Gray Fox

Urocyon cinereoargenteus

Gray Fox

Characteristics

The gray fox is a peppery gray on top, reddish-brown on its sides, chest and the back of its head. Its legs and feet are also a reddish color. It has a long bushy tail with a black stripe on top. The gray fox has pointed ears, a pointed muzzle and long hooked claws.

The gray fox is mainly distinguished from most other canids by its grizzled upper parts, strong neck and black-tipped tail, while the skull can be easily distinguished from all other North American canids by its widely separated temporal ridges that form a U-shape. There is little sexual dimorphism, save for the females being slightly smaller than males. The gray fox ranges from 30 to 44.3 in (76 to 112.5 cm) in total length. The tail measures 10.8 to 17.4 in (27.5 to 44.3 cm) of that length and its hind feet measure 3.9 to 5.9 in (100 to 150 mm). The gray fox typically weighs 7.9 to 15 lb (3.6 to 7 kg), though exceptionally can weigh as much as 20 lb (9 kg). It is readily differentiated from the red fox by the lack of “black stockings” that stand out on the latter. In contrast to all Vulpes and related (Arctic and fennec) foxes, the gray fox has oval (instead of slit-like) pupils.

The gray fox has short legs that are very powerful. These legs are designed to give the fox tremendous ability to balance itself while it climbs. Strong, hooked claws allow them to pull themselves up tree trunks and branches. The color of its fur hides it from predators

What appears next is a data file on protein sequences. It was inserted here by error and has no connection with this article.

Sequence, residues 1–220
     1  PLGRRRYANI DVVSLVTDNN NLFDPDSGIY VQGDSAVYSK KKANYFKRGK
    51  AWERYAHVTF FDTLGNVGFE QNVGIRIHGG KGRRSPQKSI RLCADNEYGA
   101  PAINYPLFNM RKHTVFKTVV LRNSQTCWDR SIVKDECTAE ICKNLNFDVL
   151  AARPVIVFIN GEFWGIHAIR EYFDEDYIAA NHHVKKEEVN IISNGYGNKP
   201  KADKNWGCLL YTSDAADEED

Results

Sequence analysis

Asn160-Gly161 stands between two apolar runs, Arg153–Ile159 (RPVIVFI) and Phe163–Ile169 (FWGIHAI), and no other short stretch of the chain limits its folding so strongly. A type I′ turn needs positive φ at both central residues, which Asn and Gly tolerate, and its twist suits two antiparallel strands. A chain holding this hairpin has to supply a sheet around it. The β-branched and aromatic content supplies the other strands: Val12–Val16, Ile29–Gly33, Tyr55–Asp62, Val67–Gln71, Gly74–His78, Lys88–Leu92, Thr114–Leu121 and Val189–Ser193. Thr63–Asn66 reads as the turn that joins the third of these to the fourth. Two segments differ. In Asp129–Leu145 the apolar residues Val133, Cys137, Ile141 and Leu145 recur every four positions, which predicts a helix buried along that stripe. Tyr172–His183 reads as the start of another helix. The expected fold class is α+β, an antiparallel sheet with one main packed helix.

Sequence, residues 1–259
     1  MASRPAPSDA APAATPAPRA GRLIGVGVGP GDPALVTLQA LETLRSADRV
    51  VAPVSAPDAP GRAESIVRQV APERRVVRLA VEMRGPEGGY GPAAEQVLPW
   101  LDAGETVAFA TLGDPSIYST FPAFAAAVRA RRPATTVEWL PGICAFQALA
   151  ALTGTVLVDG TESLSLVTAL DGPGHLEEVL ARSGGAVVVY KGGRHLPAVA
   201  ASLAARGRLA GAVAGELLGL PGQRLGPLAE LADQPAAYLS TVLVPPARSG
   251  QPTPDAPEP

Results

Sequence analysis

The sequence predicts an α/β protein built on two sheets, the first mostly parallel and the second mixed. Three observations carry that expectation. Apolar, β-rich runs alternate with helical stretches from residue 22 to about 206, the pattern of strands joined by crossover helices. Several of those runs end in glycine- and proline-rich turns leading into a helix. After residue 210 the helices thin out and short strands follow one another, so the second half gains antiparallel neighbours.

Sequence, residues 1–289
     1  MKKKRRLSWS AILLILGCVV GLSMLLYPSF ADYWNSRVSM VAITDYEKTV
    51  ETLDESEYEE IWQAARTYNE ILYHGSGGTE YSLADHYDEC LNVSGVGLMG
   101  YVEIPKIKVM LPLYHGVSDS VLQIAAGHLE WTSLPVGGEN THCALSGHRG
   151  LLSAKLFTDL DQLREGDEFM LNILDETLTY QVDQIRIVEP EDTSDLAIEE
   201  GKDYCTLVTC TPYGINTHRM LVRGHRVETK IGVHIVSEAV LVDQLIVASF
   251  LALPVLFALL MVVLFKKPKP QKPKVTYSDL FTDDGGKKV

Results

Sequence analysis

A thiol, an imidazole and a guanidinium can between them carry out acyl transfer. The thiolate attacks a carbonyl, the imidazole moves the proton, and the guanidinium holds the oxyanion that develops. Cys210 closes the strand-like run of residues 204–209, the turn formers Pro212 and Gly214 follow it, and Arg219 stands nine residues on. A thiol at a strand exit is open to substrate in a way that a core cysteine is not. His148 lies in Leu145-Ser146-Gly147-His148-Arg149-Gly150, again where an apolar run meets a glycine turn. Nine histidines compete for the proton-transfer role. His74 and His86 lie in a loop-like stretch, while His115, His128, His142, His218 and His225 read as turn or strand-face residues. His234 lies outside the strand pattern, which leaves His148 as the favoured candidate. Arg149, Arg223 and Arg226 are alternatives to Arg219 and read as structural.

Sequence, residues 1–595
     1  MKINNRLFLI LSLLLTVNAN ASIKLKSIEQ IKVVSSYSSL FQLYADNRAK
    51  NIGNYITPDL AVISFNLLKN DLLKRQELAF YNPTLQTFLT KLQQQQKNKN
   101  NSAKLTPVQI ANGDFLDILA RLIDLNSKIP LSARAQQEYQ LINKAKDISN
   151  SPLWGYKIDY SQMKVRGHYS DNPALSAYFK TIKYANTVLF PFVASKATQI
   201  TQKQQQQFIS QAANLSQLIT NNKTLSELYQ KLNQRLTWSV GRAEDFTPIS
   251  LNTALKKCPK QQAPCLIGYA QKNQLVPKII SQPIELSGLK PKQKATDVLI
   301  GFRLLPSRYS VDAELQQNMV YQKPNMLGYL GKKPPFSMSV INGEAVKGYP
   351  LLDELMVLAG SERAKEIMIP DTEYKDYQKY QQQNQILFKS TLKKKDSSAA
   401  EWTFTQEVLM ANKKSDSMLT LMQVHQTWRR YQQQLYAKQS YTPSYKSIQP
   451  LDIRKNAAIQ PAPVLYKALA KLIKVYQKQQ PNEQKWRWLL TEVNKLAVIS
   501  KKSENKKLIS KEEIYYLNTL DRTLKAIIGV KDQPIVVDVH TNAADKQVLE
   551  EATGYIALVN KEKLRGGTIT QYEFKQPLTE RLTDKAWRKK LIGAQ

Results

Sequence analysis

Gray Fox Tracks

Habitat

The gray fox prefers wooded and brushy areas of the southwestern United States, but it also lives in the chaparral of California where most of the rainfall is in the winter, while the summers are hot and dry. They don’t like agricultural areas like the red fox. Its den sites are made in rock formations, hollow logs and trees, burrows and brush piles. The dens are often lined with grass and leaves. Some dens may be located 30 ft above the ground.

Diet

The gray fox is a solitary hunter, and eats a lot of different things such as berries, nuts, birds, insects, rabbits and other rodents. The grey fox is an omnivore. If it has more food than it can eat, the fox will bury it and go back later. It will mark the spot with urine so that it can find it when it gets hungry. In the arid regions of the chaparral it will eat more insects and plants than foxes living farther east.

Behavior

The gray fox is the only member of the dog family that can climb trees. It will climb a tree to escape its enemies. It climbs by grabbing the trunk with its forepaws and scrambling up with the long claws on its hind feet. It can make its way through the tree tops by jumping from branch to branch or shimmying down backwards. It will also sit in trees and ambush prey. It is not a fast runner, but can reach speeds of 42 mph for short distances.

Gray foxes are crepuscular animals meaning that they can be out at any time during the day although they tend to hunt at night. They are very territorial and mark their boundaries with urine.

 Breeding

In California, most births occur in April. Usually 2-7 pups are born after 50-60 days. They are dark brown and blind at birth and weigh 3.5 oz. They open their eyes after 10 days. The mother stops nursing the pups after 10 weeks. During this time the father provides the whole family with food. Kits begin to hunt with their parents at the age of 3 months. By the time they are 4 months old, the kits will have developed their permanent dentition and can now easily forage on their own. The family group still remains together until autumn when the young reach sexual maturity. Then, they disperse.

Predators and survival techniques

The gray fox has few predators besides man. Hawks, eagles, owls, bobcats and dogs will kill and eat the pups.

References

Gray Fox, from Wikipedia, the free encyclopedia

www.blueplanetbiomes.org/grey_fox.htm

www.nhptv.org/natureworks/grayfox.htm

 

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